20. 20. The  USE  Method   •  For every resource, check: 1.  Utilization: busy time 2.  Saturation: queue length or time 3.  Errors: easy to interpret (objective) Starts with the questions, then finds the tools Eg, for hardware, check every resource incl. busses:
  21. 21.
  22. 22. ERASABLE   MEMORY   CORE  SET   AREA   VAC  SETS   FIXED   MEMORY   Apollo Guidance Computer
  23. 23. USE  Method:  SoZware   •  USE method can also work for software resources –  kernel or app internals, cloud environments –  small scale (eg, locks) to large scale (apps). Eg: •  Mutex locks: –  utilization à lock hold time –  saturation à lock contention –  errors à any errors •  Entire application: –  utilization à percentage of worker threads busy –  saturation à length of queued work –  errors à request errors Resource   U0liza0on   (%)  X  
  24. 24. RED  Method   •  For every service, check that: 1.  Request rate 2.  Error rate 3.  Duration (distribution) are within SLO/A Another exercise in posing questions from functional diagrams By Tom Wilkie: Load   Balancer   Web   Proxy   Web  Server   User   Database   Payments   Server   Asset   Server   Metrics   Database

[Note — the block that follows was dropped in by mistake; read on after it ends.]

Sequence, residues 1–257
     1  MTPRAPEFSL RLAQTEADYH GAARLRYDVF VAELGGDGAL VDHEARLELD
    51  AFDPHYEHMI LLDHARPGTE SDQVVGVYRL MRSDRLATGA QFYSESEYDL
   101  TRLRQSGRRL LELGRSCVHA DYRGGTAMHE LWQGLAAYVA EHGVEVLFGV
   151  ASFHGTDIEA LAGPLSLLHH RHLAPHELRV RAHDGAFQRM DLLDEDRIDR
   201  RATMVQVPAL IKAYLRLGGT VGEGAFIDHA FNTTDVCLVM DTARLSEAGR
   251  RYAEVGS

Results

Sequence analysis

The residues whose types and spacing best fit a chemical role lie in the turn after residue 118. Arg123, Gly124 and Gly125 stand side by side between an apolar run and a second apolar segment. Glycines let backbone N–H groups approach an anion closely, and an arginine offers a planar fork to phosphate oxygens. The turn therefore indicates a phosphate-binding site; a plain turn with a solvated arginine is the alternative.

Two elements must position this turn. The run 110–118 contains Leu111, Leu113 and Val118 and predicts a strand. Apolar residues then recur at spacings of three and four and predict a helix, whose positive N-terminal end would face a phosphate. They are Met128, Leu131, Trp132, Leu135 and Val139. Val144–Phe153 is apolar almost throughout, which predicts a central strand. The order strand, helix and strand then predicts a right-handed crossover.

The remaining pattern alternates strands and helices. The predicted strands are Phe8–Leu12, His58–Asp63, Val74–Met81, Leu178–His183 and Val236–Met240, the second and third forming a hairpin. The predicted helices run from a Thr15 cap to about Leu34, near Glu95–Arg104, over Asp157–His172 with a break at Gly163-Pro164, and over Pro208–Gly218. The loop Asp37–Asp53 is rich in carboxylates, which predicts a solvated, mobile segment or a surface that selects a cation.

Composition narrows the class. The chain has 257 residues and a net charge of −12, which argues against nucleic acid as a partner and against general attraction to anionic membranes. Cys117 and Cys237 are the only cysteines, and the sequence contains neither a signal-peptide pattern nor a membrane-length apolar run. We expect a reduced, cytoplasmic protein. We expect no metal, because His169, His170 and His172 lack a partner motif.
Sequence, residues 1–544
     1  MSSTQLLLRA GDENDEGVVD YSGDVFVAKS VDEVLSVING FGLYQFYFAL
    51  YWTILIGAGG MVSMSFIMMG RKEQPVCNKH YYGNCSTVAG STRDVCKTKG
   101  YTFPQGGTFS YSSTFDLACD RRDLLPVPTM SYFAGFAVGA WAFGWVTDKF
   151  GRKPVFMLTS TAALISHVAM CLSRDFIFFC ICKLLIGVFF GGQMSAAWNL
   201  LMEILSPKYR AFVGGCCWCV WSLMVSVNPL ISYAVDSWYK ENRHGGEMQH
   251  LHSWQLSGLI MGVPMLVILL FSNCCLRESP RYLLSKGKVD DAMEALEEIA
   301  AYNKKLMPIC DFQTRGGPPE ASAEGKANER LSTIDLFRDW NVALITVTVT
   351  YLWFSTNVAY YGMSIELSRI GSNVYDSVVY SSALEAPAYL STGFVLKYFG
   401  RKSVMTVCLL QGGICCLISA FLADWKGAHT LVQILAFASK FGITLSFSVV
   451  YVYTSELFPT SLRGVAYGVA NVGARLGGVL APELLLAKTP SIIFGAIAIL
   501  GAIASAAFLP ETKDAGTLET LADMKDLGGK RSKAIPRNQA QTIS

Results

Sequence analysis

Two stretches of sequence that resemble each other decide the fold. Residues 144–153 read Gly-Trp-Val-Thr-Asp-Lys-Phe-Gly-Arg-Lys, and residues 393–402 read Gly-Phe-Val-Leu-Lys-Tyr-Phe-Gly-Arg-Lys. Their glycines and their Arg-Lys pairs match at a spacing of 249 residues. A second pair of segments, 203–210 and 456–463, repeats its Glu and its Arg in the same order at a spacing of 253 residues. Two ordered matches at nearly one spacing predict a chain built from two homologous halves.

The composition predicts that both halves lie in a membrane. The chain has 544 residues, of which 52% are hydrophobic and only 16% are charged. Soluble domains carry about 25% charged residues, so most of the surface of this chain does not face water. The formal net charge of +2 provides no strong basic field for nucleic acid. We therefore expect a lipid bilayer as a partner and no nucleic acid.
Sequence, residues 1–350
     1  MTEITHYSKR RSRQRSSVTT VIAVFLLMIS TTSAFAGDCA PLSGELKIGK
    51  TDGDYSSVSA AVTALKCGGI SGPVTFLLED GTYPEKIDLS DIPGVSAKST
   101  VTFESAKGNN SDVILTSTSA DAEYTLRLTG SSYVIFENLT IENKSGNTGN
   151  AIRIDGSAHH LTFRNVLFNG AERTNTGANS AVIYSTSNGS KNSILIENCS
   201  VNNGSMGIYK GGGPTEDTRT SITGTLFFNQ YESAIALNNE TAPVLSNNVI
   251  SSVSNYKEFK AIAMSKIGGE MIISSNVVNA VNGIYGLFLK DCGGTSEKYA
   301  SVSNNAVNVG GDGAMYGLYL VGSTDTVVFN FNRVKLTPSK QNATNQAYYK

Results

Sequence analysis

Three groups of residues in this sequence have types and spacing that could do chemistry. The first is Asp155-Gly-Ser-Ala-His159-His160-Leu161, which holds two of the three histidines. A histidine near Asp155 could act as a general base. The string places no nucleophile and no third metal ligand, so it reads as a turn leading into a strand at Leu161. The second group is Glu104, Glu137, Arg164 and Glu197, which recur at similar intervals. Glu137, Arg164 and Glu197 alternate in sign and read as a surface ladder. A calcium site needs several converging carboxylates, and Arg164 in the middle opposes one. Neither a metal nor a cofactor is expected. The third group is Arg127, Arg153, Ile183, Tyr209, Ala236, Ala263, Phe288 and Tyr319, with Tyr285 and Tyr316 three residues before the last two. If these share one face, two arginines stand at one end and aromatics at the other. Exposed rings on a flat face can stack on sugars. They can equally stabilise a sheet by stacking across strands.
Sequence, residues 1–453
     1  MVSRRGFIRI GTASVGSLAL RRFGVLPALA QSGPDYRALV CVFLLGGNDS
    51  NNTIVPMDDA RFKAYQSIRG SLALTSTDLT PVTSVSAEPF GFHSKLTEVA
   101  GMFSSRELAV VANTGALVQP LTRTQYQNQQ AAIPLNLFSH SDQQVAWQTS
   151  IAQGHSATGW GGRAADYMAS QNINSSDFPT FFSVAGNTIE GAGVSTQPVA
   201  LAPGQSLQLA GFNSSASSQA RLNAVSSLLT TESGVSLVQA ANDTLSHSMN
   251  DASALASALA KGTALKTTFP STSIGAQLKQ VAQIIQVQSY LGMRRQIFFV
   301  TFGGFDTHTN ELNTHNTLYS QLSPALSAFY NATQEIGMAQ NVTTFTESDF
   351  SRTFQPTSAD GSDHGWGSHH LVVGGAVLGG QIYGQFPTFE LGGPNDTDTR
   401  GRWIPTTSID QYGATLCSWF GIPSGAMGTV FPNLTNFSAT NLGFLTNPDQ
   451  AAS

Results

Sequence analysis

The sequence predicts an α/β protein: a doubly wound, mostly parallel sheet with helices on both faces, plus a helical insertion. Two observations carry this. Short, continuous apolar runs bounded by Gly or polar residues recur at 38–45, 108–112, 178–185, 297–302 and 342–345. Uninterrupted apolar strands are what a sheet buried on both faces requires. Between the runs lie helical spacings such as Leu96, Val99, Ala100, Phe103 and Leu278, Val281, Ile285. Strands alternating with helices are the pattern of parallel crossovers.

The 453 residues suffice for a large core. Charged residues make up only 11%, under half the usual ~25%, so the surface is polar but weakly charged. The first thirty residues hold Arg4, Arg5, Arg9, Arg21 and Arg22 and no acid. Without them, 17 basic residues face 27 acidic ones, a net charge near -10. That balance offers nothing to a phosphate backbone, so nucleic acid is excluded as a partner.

25. 25. Thread  State  Analysis   Identify & quantify time in states Narrows further analysis to state Thread states are applicable to all apps State transition diagram
  26. 26. TSA:  eg,  Solaris  
  27. 27. TSA:  eg,  RSTS/E   RSTS: DEC OS from the 1970's TENEX (1969-72) also had Control-T for job states
  28. 28. TSA:  eg,  OS  X   Instruments:  Thread  States  
  29. 29. On-­‐CPU  Analysis   1.  Split into user/kernel states –  /proc, vmstat(1) 2.  Check CPU balance –  mpstat(1), CPU utilization heat map 3.  Profile software –  User & kernel stack sampling (as a CPU flame graph) 4.  Profile cycles, caches, busses –  PMCs, CPI flame graph CPU  U0liza0on   Heat  Map  
  30. 30. CPU  Flame  Graph  Analysis   1.  Take a CPU profile 2.  Render it as a flame graph 3.  Understand all software that is in >1% of samples Discovers issues by their CPU usage -  Directly: CPU consumers -  Indirectly: initialization of I/O, locks, times, ... Narrows target of study to only running code -  See: "The Flame Graph", CACM, June 2016 Flame  Graph  
  31. 31. Java  Mixed-­‐Mode  CPU  Flame  Graph   Java   JVM   Kernel   GC   •  eg, Linux perf_events, with: •  Java –XX:+PreserveFramePointer •  Java perf-map-agent